Universal access to counsel is not a one-size fits all solution nor a panacea for the housing crisis. It is, however, one crucial and proven-to be effective tool towards the goal of reducing housing instability and homelessness, one that recognizes that housing is one of the most important stabilizing factors, as a gateway to stable employment, educational, and other opportunities, and a tool that promotes racial, gender, and disability equity.
Access to justice is a moral imperative – one’s ability to access the justice system and defend their shelter, their home, cannot be based on who can afford a lawyer.
Rasheedah Phillips currently serves as the Managing Attorney of Housing Policy at Community Legal Services of Philadelphia, which provides legal advice, representation, and systemic advocacy on behalf of low-income Philadelphians.Bob Damewood is a staff attorney in the Pittsburgh office of Regional Housing Legal Services, which works to create housing and economic opportunity in under-served communities in Pennsylvania and to effect systemic change for the benefit of lower-income households.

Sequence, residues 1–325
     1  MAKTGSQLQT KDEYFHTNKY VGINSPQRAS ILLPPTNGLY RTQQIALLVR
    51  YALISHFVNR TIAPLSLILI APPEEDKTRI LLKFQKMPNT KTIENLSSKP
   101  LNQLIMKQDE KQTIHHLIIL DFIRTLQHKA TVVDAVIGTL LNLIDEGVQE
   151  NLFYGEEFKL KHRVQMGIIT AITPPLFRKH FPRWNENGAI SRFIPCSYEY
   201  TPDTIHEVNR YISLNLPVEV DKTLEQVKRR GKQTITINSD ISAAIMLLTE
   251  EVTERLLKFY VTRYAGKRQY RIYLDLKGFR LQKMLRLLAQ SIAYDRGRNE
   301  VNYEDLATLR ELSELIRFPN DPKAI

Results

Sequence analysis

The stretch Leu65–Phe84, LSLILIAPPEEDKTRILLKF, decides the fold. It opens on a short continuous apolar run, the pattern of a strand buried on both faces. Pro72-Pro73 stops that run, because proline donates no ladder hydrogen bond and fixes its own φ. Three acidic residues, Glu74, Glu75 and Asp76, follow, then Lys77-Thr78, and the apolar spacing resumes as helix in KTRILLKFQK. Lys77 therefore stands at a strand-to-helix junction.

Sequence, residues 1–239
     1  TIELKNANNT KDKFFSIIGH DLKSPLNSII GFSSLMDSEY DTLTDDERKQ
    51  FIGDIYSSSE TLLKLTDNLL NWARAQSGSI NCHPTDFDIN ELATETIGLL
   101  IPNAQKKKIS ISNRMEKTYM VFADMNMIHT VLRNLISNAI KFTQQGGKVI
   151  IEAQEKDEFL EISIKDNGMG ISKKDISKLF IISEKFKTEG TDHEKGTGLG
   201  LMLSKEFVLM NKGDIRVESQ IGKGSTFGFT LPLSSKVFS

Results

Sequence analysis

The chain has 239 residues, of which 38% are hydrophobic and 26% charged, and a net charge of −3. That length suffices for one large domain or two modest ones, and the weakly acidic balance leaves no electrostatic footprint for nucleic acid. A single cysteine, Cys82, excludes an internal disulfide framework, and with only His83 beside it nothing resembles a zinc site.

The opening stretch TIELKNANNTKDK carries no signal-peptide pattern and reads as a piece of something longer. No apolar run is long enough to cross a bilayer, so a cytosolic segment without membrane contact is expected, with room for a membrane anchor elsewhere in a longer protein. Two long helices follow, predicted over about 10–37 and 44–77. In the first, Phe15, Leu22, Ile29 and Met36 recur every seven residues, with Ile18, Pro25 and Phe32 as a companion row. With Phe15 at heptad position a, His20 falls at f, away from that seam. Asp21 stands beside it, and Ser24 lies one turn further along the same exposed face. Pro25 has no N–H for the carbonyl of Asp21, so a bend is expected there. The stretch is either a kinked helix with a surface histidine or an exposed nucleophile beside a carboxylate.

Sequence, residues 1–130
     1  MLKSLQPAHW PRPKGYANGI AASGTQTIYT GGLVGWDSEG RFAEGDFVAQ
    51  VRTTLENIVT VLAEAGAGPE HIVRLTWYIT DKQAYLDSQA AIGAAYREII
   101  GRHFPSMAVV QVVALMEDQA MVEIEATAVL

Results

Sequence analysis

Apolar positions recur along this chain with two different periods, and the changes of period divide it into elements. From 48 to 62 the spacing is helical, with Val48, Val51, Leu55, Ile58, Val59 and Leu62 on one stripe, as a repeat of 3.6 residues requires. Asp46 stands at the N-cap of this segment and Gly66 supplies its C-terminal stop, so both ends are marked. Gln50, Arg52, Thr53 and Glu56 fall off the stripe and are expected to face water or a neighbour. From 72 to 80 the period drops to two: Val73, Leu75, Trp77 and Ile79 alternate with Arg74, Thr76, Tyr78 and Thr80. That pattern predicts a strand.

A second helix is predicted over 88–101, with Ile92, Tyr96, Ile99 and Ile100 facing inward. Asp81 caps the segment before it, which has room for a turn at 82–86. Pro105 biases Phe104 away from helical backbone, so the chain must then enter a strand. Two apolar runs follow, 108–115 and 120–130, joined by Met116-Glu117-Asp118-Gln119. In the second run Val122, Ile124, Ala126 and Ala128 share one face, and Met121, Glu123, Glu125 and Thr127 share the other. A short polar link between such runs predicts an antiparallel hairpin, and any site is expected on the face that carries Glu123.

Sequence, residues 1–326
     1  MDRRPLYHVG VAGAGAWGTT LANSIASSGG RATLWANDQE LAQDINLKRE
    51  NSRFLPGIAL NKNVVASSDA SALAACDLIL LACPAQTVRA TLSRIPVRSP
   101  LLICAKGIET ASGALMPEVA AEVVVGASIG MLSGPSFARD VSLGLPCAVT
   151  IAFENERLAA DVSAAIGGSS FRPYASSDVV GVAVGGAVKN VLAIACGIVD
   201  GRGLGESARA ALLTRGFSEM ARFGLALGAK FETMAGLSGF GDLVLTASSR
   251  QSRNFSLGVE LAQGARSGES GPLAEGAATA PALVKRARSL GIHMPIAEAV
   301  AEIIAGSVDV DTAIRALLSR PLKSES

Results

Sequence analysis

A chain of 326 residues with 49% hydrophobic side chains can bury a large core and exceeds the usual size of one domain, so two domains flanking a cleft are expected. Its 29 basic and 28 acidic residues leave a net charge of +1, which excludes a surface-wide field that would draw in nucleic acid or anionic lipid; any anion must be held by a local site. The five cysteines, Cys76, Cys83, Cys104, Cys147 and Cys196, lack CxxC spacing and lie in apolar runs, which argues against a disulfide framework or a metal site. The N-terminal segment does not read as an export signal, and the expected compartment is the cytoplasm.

Originally published at www.penncapital-star.com,by Capital-Star Guest Contributor